The mindset of the populations of Siberian origin (part 3)

Part of the series Perceiving complexity

The mindset of the populations of Siberian origin (part 2)

In the general parts of the series Perceiving complexity, I wrote about the human mental structures that develop from the simplistic patternization of the raw reality. And I also mentioned that there is another area of the human psyche where the experience of relating the mental structures to the raw reality is gathered across generations. I call this area deep fluid wisdom, as it is not structured in the manner of the mental spider web “on the side of the Moon facing the Earth”. It has its own structuring (just to remind of Jung’s archetypes), but it is done in a different manner and the modern psychology is just beginning to grasp what is going on there. A structuring that faces the raw reality, hence it is much more fluid than the official spider web in the people’s minds.

When I am thinking how to put in words how I perceive this deep fluid wisdom, the imagery that comes to my mind is that of a swamp. The abundance of water enables the plants to grow abundantly and prodigiously and to have a healthy green. The same abundance of water also enables quick decay when the plants and animals die. What results from this decay enriches the mud at a fast pace, turning it very fertile, supporting even further the abundance of life there. You can smell there exhilarating scents of life with a mind-blowing richness of fragrances. But in this richness you notice also nuances of decay and death. And you sense that this quick decay is essential for the richness of life there.

It is a place where the human experiences in dealing with the raw reality are not stuck in the spider web of mental structures, they are processed in a fluid way, their spider web type of structure decays, the distilled experience is accumulated in a fluid wisdom, which manifests itself at every moment in human expressivity (you can see even children a few years old with moments of such a polished expressivity honed along so many generations, it is not the distillation of their own life experience). In this fluid wisdom there are aspects that seem to be honed in a very long time and appear in every human culture (in the vein of Jung’s archetypes) and further on there are aspects and idiosyncrasies specific to cultures and individuals. Much of these different aspects and idiosyncrasies may not necessarily be novelties, but particular takes on archetypal notions.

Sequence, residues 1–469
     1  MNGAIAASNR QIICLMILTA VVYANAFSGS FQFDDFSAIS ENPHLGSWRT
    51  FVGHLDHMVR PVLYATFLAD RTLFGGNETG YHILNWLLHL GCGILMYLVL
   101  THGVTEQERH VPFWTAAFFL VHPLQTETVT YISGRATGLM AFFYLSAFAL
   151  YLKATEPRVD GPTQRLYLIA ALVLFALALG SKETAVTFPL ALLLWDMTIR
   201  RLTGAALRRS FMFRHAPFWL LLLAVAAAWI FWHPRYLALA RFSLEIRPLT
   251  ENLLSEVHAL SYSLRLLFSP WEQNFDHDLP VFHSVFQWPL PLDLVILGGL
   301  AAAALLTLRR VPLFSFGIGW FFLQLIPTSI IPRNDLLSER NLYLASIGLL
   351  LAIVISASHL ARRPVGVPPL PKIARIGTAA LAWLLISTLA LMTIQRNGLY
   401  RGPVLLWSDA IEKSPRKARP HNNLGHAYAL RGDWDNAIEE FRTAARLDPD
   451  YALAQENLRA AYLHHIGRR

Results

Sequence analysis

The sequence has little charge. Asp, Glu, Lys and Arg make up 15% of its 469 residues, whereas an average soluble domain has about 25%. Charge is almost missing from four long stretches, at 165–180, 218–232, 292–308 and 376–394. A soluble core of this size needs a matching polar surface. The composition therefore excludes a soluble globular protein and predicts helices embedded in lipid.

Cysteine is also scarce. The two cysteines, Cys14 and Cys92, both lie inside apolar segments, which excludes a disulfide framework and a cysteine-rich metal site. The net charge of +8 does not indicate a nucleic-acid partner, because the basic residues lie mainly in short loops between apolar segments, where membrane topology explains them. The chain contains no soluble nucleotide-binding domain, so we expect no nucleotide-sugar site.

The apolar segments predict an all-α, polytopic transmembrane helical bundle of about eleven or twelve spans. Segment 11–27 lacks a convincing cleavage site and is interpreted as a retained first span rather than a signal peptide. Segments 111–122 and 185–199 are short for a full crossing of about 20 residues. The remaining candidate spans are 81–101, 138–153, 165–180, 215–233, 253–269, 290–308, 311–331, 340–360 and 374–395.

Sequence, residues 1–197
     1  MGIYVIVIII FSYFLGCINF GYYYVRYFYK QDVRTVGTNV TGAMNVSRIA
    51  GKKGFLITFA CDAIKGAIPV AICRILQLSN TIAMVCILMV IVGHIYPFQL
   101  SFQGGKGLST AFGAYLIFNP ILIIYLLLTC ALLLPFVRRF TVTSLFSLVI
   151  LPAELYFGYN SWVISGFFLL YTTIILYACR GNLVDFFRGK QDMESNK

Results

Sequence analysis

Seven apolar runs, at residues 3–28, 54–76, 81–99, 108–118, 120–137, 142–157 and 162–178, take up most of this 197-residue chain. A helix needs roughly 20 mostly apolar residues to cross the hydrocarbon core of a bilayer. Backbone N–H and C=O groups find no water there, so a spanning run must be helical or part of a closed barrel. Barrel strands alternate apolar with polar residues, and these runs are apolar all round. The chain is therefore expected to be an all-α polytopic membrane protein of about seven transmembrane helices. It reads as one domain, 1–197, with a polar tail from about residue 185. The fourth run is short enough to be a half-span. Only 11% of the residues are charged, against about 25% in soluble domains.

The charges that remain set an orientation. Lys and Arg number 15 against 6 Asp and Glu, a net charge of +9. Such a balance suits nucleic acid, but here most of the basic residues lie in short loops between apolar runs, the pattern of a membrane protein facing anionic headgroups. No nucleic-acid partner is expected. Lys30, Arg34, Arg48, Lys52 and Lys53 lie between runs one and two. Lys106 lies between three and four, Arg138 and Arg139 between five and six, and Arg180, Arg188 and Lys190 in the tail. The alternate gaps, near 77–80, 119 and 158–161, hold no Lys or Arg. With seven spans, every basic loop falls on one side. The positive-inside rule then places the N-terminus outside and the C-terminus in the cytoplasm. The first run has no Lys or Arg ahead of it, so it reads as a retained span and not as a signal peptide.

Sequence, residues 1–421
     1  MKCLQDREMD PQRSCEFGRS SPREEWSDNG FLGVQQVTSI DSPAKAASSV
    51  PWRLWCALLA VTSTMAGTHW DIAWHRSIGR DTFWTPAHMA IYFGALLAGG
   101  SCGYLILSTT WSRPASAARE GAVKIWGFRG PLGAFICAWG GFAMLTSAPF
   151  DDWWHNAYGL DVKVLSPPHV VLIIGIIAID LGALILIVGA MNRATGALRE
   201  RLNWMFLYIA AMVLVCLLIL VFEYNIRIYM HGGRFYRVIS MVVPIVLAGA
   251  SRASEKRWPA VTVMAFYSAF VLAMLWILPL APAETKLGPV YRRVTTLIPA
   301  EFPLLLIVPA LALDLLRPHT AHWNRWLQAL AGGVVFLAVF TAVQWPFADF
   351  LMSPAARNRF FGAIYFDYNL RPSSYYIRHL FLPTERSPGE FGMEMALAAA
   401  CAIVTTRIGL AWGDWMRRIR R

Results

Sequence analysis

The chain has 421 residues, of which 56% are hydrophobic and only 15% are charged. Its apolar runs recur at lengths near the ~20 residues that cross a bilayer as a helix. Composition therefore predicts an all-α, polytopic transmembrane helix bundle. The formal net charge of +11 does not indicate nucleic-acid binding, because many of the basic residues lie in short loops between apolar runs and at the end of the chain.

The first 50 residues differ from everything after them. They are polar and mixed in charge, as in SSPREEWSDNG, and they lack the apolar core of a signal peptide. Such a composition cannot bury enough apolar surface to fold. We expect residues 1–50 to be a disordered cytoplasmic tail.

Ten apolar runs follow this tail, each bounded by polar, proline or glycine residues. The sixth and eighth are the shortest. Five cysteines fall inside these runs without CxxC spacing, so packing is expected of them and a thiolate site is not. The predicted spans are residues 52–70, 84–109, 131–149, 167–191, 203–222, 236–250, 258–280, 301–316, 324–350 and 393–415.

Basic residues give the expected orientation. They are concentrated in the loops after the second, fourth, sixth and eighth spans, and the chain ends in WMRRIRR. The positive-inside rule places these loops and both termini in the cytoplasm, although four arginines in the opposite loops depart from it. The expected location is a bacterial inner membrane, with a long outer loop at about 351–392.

In order to make this fluid side of the human mind relevant in the social structure based on simplistic patterning, there have to appear psychological bridges between this deep fluid wisdom and aspects of the social structure. At a basic level, such bridges appear by themselves anyway, since the official sense of self is not that unitary as people tend to feel about themselves. As I said previously, this part of the mind that may look unstructured, “chaotic” has its own structure which was developed by taking seriously the raw reality, hence it is different from the structure of the simplistic human patternization based on the control of the situation. As a human, it depends on how open you are to pay attention to who you really are.

Further beyond this basic constant supply of input from the deep wisdom in the official thinking process, it depends on each individual how they deal with this inner relation, how they develop and cultivate it. From the cultivation of this relation appear the cultural products of the humanity, like religion, mythology, literature, music, visual arts etc. There is a way in which this fluid area of the human mindset expresses itself directly, namely through religious practices like ecstatic possession and shamanism. In these practices unexpected threads of personality come to surface and express themselves. The interaction of these inner characters with the “meaningful world” usually unfolds around unbalances between the “meaningful world” and the deep fluid wisdom.

For example, in the “meaningful world”, people with significant power in controlling social structures can keep in disadvantage people with less power, which hurts the deep psychological side of the latter. This deep psychological side comes to the surface to express the grievances of the powerless. What is impressive in such moments is that, even though these inner characters express themselves in words (a means of communication that normally give the impression that we are living in a meaningful world), they have an expressivity that make those present feel the shocking unknown outside of the “meaningful world”. The point of view of these inner characters is taking in consideration the raw reality, since it stems from that deep fluid wisdom I described previously, this is the psychological environment in which the subconscious area of the human psyche developed along many, many generations.

As I mentioned in the previous part of this series, the ecstatic possession consists in occasional outbursts of the deep psyche, while the umbrella-term of shamanism covers cultural practices in which people get professional about the direct expression of this subconscious area of the human mindset. And there is a continuum between these two, and also between each of them and the religious practices the Western world is familiar with. For example, how would the Vodou be classified? It has the direct expression of the human subconscious (with some different nuances from the Siberian ones), it has also systemic beliefs, but I would need to study it more in depth to understand how it works there the inner balance between these two sides.